Motor neuron recruitment, exercise and the whole picture

There is always lots of talk about the best way to get big or strong or even how not to put on too much size. Before we go into how it all works lets first break up the different areas.

You have three types of muscle fibres, type I, type II and type IIa. Type 1 is a slow twitch fibre that is responsible for more aerobic activities like running longer distances or light resistance work. They store triglycerides that they break down for energy. Triglyceride stores are created from fat, so these use fat as energy. Type IIa is more of a fast twitch fibre involved in sustained strength movements like a 400m race or lifting above 40% of your 1RPM. They have high glycogen stores that are created from glucose/sugar (not the kind from a chocolate bar). They can last for a good amount of time before running out of puff. Finally, type II fibres are explosive, think 100-metre sprint or a maximal lift. These have a very short shelf life when it comes to energy stores, working off of a system called the ATP system and only lasting about 10 seconds before running dry. When training you can fatigue one energy system and still have plenty to give with all the others and vice versa so when planning your programmes it is important to keep this in mind.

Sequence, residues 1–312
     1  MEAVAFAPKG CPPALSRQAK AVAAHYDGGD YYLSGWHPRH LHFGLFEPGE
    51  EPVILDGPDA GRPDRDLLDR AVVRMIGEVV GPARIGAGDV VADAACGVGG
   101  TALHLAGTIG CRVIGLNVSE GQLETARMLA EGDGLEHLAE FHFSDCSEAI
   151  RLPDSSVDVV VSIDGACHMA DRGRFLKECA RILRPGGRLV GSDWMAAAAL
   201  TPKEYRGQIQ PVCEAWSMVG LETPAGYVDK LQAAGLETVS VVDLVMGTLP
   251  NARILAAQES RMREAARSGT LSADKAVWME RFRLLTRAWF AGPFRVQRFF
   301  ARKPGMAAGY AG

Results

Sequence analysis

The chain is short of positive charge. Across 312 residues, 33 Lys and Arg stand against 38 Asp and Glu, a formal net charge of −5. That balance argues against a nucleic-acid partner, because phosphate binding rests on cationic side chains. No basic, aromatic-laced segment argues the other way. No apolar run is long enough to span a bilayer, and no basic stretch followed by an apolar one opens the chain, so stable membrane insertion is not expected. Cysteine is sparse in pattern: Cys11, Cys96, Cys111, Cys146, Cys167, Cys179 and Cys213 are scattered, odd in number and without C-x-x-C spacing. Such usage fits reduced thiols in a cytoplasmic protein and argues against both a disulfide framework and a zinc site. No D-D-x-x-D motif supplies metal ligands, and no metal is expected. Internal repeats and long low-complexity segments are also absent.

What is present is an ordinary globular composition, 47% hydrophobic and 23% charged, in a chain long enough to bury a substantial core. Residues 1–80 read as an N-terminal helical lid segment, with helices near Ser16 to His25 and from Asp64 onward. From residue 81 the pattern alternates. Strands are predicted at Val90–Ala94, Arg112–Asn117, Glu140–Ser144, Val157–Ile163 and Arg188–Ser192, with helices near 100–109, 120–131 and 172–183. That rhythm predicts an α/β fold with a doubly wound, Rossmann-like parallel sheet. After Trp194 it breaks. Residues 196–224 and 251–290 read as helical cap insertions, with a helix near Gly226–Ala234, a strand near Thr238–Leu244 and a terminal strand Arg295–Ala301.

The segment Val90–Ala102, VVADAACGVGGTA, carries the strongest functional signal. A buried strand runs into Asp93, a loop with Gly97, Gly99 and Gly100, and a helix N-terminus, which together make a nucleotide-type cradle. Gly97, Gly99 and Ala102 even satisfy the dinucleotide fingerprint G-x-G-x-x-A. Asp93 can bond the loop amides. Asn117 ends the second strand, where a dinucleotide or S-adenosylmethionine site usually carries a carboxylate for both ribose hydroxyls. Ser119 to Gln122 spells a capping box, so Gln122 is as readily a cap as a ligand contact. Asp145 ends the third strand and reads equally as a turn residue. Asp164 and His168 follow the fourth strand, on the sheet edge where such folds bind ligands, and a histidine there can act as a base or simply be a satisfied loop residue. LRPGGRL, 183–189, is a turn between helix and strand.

Next we look at motor units. When we lift any object or move in any way, our body has to decide on how much of our muscles to activate to appropriately complete the task. Your motor neurons are in charge of this. They control each motor unit that consists of some muscular fibres. Your bigger motor units with more growth and strength potential are only activated when you are lifting 60-100% of your 1RPM, in fact unless you are at 90-100% they won’t engage until you add speed to your lift. Only if you are putting everything you have behind the lift will these units start to recruit, if the lift is below 90%. Just so we are clear, when I talk about speed, I don’t mean you should be moving heavy weights at speed, but to move the weight as fast as you can in the correct form, if you are aiming at these bigger units. These are type II fast twitch moves and remember they only have around 10 seconds of bang before you’re out of energy.

This all fits together to show what can be achieved, for example, by well-conditioned athletes in the cross-fit games, being able to hit PB’s in big compound lifts even after some gruelling work outs before hand. This is due to the need of different energy systems and recruitment of different motor units for each event. Whatever result you want, strength or size, look at working through these systems to completely over load the muscle group, fatiguing the bigger units and then hitting the same area again with something for the smaller units running on a different energy system. This creates a more complete work out on the area and is great for quick size results. This will increase your time under tension and completely exhaust the area creating rapid change.




Christian Thomson

Body Transformation Coach & mentor at body core 

Find out how I use physiological and neurological techniques to create pain free powerful bodies